JC: There is an added significance to the name, but it's kinda personal and I'd like it to remain that way. But Jasper's relationship to it is a core issue of the book... it represents a place where one can experience an idealized version of the self, a place where one's potential to finally be self-actualized is finally fulfilled. A place where all the bullshit is filtered out, where everything is right out in the open (where, one would argue, it belongs). Of course, this isn't an across-the-board paradise. Zander, for instance, has incredible difficulty there because he's just a normal guy trapped there. The other significance of the Sauterne, I think, is obvious... it's the piece of reality that we're missing. The sense of wonder and imagination that fuels us. The aspirational part of our psyches. In our book, Jasper's "reality" is slowly dying from a distinct lack of what the Sauterne contains. This is what the Darling is trying to fix... he's the only one who knows the bigger picture, who sees the schism for what it is. And Jasper is a physical embodiment of that schism. He's got a foot planted in both realities. And his journey in the book is all about finding his place, his authentic self. As it turns out, that coincides with -- and directly correlates to -- what the Darling is trying to do.

Let's talk about the big baddie here. Golg%chk. It seems like it's a kind of Lovecraftian embodiment of the darkness implicit in our world and lives. It's an interesting notion that it was what "infected" our world from the beginning of time, that the pervasive sense of something wrong/missing/bad in our lives isn't actually supposed to be there; that it's alien to the original design. It's also interesting that Golg%chk is attracted to superheroes, which is how The Darling lures it into our world, and then again even more interesting that Golg%chk's ultimate downfall was brought about not by a superhero, but by  ­a human using superheroes to confront evil...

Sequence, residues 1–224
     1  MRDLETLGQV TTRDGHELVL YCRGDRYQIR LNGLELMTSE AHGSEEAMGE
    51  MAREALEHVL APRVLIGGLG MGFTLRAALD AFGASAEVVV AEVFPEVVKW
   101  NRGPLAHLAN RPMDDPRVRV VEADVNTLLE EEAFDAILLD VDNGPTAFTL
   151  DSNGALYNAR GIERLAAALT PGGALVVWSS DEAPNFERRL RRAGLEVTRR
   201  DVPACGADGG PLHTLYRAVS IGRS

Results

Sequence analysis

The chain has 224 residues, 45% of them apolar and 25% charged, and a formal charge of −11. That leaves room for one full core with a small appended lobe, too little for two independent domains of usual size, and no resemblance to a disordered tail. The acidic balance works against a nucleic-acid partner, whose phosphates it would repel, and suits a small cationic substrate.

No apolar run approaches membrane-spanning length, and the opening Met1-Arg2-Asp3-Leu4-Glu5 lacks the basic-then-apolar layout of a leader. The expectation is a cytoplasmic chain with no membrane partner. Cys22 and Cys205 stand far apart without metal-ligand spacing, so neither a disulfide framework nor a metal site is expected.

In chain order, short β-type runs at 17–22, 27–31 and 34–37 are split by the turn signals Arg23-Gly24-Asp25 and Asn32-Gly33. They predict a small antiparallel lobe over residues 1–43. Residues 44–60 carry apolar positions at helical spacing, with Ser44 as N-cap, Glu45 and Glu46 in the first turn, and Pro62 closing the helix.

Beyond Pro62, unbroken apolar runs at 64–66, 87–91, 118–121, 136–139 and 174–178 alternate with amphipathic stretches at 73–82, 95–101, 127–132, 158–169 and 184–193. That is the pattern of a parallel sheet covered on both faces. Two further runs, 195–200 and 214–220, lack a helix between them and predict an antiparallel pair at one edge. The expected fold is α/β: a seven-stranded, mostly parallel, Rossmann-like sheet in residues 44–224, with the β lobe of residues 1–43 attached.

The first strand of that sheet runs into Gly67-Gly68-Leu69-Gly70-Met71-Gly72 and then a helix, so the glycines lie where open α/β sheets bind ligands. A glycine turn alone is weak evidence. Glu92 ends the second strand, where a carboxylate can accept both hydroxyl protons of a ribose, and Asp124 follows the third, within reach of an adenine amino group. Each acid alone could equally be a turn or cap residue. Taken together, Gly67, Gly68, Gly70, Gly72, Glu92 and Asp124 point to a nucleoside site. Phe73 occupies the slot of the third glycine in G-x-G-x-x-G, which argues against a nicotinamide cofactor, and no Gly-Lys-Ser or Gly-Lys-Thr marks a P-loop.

JC: Well, in actuality, Golg%chk is an X factor in the grand scheme of things. It's like a moth attracted to flame. Or, to be more specific, to life. To the divine spark, so to speak. If you look at the Darling's backstory, it's all kinda there. Golg%chk is not the thing that has infected our reality... that was already there. It's been there from the beginning of history. The Darling's discovery of this creature-thing is what sets him on the ultimate path to "curing" our ailing dimension.

And, like I said before, I guess I feel like the Darling is a superhero all his own. He's a 21st Century superhero, where the Bounce -- the character -- is all about indulging and exploring all the tropes of a more standardized, 20th Century superhero. With the Darling, I took a lot of those tropes and tweaked them a bit, to see if a new kind of archetype would emerge and stand on its own two feet. And as the story evolves, I think we move past the idea of the superhero completely. Or, at least, into a new iteration of the superhero... the complete, fully-authentic human being. The Darling's choice in the story is whether or not to sacrifice himself for that evolutionary process to fully occur.

Finally, looking back on The Bounce, now that all is said and done, how do you feel? I know it's been a while since you finished the story at this point. Now that you've had time to reflect, what are your thoughts and feelings on The Bounce?

JC: I think everyone did great work on this thing... from Messina to Sonia Harris to Giovanna Niro (and the other colorists that pitched in) to Gaetano Carlucci and Rus Wooton, I feel like everyone gave 100% to making this thing happen. So when we all see the finished, collected edition... it feels like a real accomplishment. There's a sense of completeness to it that I hope I can really appreciate. And knowing that this story -- this unique comicbook experience -- is out there in its final format does provide a weird satisfaction. Maybe I still don't have the right amount of distance to have the proper perspective, but that'll come in time, too. You live with these things as you're making them, you inhabit them in every conceivable way. But when it's done, it's done. And I'm happy to be able to release it out into the wild, once and for all. On to the next thing!